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Ed Jones 'Saw Every Bit of It'

Surveillance tapes, ex-prosecutor suggest candidate knew about cocaine deals



Click here for audio file- Portion of an Oct. 6, 2000 conversation between informant Randall Smith and County Commissioner Ed Jones at Leonards Bar II. Smith, who was wearing a wire, was being recorded by the Colorado Springs police during an undercover drug buy.

RANDALL SMITH: Yeah, Im still on parole for another 30 days or so.
ED JONES: Are you?
SMITH: Yeah. Yeah, Im not doing any dope or nothing.
JONES: Yeah, thats good.
SMITH: Ive got a guy whos sending some down to the penitentiary.
JONES: Sending dope down? SMITH: His girlfriend smuggles it into the... JONES: Oh, really? SMITH: visitor room. But I aint fucking with it. (pause) JONES: What, what, whats going on? (unidentified woman speaks inaudibly in background) JONES: (inaudible) (laughs) I know one thing, theres not a dull moment around here.

Click here for audio file - Informant Randall Smith talking to police outside the bar after a drug buy that occurred on Oct. 6, 2000 Leonards Bar II.

Click here for audio file- Portion of an Oct. 28, 2002 Independent interview with former Deputy District Attorney Dave Foley.


County Commissioner Ed Jones, a Republican running for state Senate, watched at least one drug deal go down at a Colorado Springs bar where he was a regular patron, an informer told police two years ago.

"Ed sat right there and saw every bit of it," the informer, Randall Smith, told police after he allegedly observed the drug deal -- in the middle of a business day at Leonard's Bar II on East Platte Avenue -- during an undercover investigation in the fall of 2000. Smith's remark was recorded on a police surveillance audiotape, a copy of which was obtained by the Independent along with other tapes.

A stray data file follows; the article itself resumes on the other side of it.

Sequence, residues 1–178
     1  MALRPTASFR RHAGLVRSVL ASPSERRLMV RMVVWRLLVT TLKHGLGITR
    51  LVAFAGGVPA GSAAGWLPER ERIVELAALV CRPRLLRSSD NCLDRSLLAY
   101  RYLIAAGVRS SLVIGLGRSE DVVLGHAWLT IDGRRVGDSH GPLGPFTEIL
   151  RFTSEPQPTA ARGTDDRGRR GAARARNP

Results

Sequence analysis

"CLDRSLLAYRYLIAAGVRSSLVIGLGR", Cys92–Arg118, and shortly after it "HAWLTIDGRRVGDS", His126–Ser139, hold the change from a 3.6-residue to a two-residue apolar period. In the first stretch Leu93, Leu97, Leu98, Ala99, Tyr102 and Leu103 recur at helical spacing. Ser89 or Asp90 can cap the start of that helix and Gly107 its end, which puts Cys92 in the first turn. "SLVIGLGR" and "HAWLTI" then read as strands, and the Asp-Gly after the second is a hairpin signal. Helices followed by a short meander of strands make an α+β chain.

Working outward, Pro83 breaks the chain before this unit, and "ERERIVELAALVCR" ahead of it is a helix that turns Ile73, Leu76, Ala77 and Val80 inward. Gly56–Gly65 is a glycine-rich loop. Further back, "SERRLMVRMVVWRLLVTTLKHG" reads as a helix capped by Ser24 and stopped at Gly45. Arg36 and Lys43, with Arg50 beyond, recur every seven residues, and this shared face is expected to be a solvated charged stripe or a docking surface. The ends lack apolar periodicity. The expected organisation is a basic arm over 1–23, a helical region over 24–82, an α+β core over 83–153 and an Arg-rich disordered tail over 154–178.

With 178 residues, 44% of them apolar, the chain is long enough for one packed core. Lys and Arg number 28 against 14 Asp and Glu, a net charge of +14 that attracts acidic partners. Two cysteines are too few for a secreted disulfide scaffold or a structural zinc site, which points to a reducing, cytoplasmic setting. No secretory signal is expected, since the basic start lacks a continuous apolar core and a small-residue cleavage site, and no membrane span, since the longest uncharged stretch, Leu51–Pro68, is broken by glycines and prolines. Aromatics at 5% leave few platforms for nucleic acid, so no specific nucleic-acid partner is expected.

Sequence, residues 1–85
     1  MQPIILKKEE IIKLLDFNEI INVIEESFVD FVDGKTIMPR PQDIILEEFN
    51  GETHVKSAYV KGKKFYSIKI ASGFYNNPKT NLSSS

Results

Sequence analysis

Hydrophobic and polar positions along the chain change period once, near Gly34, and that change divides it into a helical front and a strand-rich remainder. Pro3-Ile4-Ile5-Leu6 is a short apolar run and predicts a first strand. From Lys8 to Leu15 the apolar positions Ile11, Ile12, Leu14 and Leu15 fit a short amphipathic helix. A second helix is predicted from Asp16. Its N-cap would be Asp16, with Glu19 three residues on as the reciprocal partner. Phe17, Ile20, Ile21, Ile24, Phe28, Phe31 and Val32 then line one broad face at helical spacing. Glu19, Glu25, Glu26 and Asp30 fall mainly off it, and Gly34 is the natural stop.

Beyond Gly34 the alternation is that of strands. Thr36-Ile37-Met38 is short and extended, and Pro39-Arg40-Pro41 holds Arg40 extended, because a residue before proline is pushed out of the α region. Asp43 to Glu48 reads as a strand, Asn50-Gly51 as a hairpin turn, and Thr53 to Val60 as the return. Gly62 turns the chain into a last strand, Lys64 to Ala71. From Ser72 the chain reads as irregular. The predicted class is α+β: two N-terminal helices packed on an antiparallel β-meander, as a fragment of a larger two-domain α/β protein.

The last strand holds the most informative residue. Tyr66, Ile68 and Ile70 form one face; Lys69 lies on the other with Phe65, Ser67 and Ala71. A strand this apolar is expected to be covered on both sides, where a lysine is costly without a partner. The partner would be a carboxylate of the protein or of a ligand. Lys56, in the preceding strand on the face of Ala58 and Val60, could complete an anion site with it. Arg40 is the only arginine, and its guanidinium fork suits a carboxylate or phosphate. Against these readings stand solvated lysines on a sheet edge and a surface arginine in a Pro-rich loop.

Moreover, the detective in charge of the investigation told prosecutors that Jones had been sitting with him and Smith on at least one occasion when the detective and Smith purchased cocaine openly across the bar, according to former Deputy District Attorney David Foley.

Foley, the lead prosecutor in the case, was concerned enough about the statements that he asked his boss, District Attorney Jeanne Smith, to review the information and determine whether charges should be filed against Jones. However, Foley says there was insufficient evidence to charge Jones.

Jones, who did not return calls seeking comment for this story, has publicly denied knowing anything about drug deals at Leonard's Bar II.

Right in front of him

As initially reported in the Independent on Oct. 10, Jones -- who is in a close state Senate race against Democrat Tony Marino -- was a regular patron at Leonard's Bar II and a close friend of the bar's owner, Leonard Carlo.

The now-closed notorious bar was littered with prominently displayed signs containing the words "f***" and "c***," which in 1999 were confiscated by state liquor agents, though Carlo went to court and won his signs back.

A subsequent drug investigation led to 20 criminal charges against Carlo, ranging from robbery to racketeering and drug distribution. However, Carlo pleaded guilty and was convicted of just one count of possessing cocaine. He denies having committed any crimes and accuses police and prosecutors of lying. Several of his bartenders, however, pleaded guilty to selling cocaine.

Police had launched the drug investigation after being tipped off by Randall Smith, a career criminal who was also a longtime friend of Jones. Randall Smith and an undercover detective, Richard "Dusty" DuVall, proceeded to purchase cocaine at the bar on several occasions.

As previously reported, DuVall told the Independent that Jones was in the bar on at least four of those occasions. DuVall declined to speculate publicly on whether Jones knew about the drug deals.

But Foley says DuVall told him Jones must have known.

"He told us that Ed Jones was sitting right there at the bar with him when the transaction took place," Foley said. "And we asked him if Ed Jones knew what was going on. He said, 'I don't know how he could not have known. It was right in front of him.'"

The smell test

Surveillance tapes from the investigation also indicate that on several occasions when Randall Smith and DuVall bought cocaine in the bar, Jones was in close proximity to Randall Smith, who wore a concealed transmitting device. In the audiotapes, Jones can be heard chatting with Randall Smith.